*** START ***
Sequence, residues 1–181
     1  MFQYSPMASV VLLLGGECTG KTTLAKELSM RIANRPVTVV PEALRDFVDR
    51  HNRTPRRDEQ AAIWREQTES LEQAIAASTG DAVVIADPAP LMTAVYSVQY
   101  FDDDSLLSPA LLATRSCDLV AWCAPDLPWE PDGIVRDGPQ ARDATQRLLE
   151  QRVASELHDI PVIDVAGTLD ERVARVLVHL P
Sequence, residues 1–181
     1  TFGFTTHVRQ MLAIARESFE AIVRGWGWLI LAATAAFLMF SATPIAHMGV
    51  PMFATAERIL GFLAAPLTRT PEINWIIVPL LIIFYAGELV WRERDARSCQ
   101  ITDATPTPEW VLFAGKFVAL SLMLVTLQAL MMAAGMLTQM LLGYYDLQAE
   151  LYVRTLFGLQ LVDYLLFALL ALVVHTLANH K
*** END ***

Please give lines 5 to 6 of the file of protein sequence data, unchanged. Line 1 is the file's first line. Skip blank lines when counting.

   151  QRVASELHDI PVIDVAGTLD ERVARVLVHL P
Sequence, residues 1–181